Background: The major allergens of trees belonging to the Fagales order are collectively known as the Bet v 1 family. Members of the Fagales order have distinct geographic distribution, and it is expected that depending on the exposure pattern of the individual, inclusion of other Bet v 1 family members might increase the efficacy of the treatment.
Objective: We aimed to generate molecules that are suitable for specific immunotherapy not only against birch pollen allergy but also against allergies caused by other cross-reactive tree pollens.
Methods: Fourteen genes of the Bet v 1 family were randomly recombined in vitro by means of DNA shuffling. This library of chimeric proteins was screened for molecules displaying low capacity to induce release of inflammatory mediators but with T-cell immunogenicity higher than that of the parental allergens.
Results: Two chimeric proteins were selected from the library of shuffled clones displaying low allergenicity and high immunogenicity, as determined in in vitro assays using human and animal cells and antibodies, as well as in vivo in animal models of allergy.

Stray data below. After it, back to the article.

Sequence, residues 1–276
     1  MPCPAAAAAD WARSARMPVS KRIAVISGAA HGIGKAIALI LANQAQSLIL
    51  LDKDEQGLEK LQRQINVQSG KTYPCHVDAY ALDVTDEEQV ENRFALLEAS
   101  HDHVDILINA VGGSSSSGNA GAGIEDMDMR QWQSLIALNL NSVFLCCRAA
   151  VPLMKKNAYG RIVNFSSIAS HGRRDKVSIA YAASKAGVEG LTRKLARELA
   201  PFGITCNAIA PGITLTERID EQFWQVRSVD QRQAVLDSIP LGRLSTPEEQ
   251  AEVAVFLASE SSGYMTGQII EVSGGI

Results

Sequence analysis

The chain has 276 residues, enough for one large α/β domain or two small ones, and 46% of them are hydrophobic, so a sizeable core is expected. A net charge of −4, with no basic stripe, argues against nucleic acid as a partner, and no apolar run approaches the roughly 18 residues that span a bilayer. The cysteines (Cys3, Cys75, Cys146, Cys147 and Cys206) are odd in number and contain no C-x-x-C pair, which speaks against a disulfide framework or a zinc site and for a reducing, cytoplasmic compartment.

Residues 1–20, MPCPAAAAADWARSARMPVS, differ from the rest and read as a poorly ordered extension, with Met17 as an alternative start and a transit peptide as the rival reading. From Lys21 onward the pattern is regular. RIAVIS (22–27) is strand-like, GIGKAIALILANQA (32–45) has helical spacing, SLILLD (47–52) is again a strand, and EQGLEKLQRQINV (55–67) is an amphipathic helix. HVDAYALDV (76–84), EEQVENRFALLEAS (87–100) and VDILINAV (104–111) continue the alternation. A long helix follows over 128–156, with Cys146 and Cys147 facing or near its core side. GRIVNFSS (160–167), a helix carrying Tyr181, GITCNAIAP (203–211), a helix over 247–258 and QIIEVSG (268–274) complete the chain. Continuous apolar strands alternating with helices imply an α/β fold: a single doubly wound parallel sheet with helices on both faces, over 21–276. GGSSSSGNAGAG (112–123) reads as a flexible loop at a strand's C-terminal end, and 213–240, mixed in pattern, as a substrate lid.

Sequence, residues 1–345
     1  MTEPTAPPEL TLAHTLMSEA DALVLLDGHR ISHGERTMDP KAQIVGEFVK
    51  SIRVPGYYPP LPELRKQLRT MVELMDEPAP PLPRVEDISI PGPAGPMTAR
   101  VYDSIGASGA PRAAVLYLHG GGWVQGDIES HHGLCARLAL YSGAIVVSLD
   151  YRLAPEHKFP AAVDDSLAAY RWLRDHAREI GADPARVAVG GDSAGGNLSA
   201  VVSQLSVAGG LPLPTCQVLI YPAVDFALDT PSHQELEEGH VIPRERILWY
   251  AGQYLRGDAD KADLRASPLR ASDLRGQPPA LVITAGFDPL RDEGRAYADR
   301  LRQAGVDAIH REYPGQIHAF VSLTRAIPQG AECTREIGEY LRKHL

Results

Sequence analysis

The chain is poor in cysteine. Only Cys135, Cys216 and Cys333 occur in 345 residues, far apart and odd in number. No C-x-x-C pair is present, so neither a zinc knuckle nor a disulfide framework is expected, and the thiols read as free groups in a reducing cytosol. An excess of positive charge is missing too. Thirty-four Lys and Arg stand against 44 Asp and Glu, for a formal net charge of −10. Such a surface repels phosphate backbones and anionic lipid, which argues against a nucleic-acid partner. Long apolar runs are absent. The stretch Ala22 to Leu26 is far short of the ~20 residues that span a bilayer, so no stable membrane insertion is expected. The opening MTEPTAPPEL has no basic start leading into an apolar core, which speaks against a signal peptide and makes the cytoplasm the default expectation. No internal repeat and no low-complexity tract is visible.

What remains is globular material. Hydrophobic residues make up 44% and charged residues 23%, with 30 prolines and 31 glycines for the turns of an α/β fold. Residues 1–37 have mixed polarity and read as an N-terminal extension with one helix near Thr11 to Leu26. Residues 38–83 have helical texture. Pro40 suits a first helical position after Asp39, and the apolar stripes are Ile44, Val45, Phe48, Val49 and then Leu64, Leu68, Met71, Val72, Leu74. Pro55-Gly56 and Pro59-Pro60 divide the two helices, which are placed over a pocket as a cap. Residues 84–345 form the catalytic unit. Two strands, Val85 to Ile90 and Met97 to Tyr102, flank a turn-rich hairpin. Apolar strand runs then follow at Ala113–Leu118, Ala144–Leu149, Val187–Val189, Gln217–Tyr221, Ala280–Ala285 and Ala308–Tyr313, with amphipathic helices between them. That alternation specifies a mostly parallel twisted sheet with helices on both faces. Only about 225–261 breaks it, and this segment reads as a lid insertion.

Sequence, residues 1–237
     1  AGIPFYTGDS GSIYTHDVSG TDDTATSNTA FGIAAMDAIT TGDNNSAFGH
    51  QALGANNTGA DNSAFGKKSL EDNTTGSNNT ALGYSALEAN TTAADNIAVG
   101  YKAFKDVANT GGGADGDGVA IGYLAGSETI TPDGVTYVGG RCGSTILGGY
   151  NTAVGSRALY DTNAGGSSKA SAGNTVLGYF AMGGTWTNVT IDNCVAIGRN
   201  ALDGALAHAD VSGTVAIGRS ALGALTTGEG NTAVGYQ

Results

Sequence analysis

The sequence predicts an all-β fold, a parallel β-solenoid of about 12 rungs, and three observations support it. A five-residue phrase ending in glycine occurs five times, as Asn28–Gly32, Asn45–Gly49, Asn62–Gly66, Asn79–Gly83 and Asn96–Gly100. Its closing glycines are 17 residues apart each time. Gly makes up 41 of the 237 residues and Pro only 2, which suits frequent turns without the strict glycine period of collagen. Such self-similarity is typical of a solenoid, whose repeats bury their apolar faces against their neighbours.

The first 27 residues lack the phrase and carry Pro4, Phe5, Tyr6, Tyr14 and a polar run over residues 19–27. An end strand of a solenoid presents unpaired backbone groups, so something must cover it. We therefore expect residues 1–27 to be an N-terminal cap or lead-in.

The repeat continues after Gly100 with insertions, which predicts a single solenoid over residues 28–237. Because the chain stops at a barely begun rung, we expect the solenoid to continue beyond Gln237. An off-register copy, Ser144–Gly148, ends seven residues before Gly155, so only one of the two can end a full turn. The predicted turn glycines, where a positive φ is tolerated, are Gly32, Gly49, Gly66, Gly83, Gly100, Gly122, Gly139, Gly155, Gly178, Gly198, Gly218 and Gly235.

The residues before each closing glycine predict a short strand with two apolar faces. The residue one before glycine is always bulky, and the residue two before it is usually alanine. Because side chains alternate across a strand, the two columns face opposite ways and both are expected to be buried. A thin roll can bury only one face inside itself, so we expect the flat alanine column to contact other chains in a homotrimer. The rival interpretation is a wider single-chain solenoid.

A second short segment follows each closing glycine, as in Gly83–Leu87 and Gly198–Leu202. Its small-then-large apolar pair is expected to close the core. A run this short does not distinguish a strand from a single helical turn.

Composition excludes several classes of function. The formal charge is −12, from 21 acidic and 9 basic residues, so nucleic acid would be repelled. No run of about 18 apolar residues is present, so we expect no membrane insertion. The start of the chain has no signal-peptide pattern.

Conclusion: Our results show that it is possible to randomly recombine in vitro T- and B-cell epitopes of a family of related allergens and to select chimeric proteins that perfectly match the criteria presently thought to be relevant for improving allergen-specific immunotherapy.
Clinical implications: The hypoallergenic chimeras described here recombine epitopes of the major Fagales pollen allergens and thus can efficiently substitute a mixture of extracts used for treating patients with tree pollen-induced spring pollinosis worldwide.